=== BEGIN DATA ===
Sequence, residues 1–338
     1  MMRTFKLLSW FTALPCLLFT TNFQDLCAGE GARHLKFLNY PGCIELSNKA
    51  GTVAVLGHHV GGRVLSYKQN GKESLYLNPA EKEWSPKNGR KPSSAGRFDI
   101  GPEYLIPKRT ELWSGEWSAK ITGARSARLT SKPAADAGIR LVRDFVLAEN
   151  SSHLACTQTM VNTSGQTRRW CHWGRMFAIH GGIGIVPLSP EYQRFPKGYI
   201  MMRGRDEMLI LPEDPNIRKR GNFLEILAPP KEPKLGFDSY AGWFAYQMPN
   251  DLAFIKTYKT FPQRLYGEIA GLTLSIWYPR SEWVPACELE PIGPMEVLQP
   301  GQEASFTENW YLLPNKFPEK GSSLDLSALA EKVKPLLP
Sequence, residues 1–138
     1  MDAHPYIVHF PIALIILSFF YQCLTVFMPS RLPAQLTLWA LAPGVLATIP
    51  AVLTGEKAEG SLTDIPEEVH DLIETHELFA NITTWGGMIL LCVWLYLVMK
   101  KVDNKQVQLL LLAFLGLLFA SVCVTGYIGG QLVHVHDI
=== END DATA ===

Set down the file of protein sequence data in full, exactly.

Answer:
Sequence, residues 1–338
     1  MMRTFKLLSW FTALPCLLFT TNFQDLCAGE GARHLKFLNY PGCIELSNKA
    51  GTVAVLGHHV GGRVLSYKQN GKESLYLNPA EKEWSPKNGR KPSSAGRFDI
   101  GPEYLIPKRT ELWSGEWSAK ITGARSARLT SKPAADAGIR LVRDFVLAEN
   151  SSHLACTQTM VNTSGQTRRW CHWGRMFAIH GGIGIVPLSP EYQRFPKGYI
   201  MMRGRDEMLI LPEDPNIRKR GNFLEILAPP KEPKLGFDSY AGWFAYQMPN
   251  DLAFIKTYKT FPQRLYGEIA GLTLSIWYPR SEWVPACELE PIGPMEVLQP
   301  GQEASFTENW YLLPNKFPEK GSSLDLSALA EKVKPLLP
Sequence, residues 1–138
     1  MDAHPYIVHF PIALIILSFF YQCLTVFMPS RLPAQLTLWA LAPGVLATIP
    51  AVLTGEKAEG SLTDIPEEVH DLIETHELFA NITTWGGMIL LCVWLYLVMK
   101  KVDNKQVQLL LLAFLGLLFA SVCVTGYIGG QLVHVHDI